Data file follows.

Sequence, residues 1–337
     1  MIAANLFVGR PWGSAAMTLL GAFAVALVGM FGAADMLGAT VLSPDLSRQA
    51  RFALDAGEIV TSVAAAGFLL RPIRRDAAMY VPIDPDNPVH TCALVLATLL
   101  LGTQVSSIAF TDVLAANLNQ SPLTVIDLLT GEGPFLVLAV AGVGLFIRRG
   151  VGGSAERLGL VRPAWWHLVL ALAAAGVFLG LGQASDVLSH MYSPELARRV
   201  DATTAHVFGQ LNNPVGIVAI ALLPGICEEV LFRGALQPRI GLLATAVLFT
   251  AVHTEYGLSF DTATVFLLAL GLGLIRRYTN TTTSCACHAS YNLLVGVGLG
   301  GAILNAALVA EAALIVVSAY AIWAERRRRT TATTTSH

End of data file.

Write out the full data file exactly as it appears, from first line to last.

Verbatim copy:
Sequence, residues 1–337
     1  MIAANLFVGR PWGSAAMTLL GAFAVALVGM FGAADMLGAT VLSPDLSRQA
    51  RFALDAGEIV TSVAAAGFLL RPIRRDAAMY VPIDPDNPVH TCALVLATLL
   101  LGTQVSSIAF TDVLAANLNQ SPLTVIDLLT GEGPFLVLAV AGVGLFIRRG
   151  VGGSAERLGL VRPAWWHLVL ALAAAGVFLG LGQASDVLSH MYSPELARRV
   201  DATTAHVFGQ LNNPVGIVAI ALLPGICEEV LFRGALQPRI GLLATAVLFT
   251  AVHTEYGLSF DTATVFLLAL GLGLIRRYTN TTTSCACHAS YNLLVGVGLG
   301  GAILNAALVA EAALIVVSAY AIWAERRRRT TATTTSH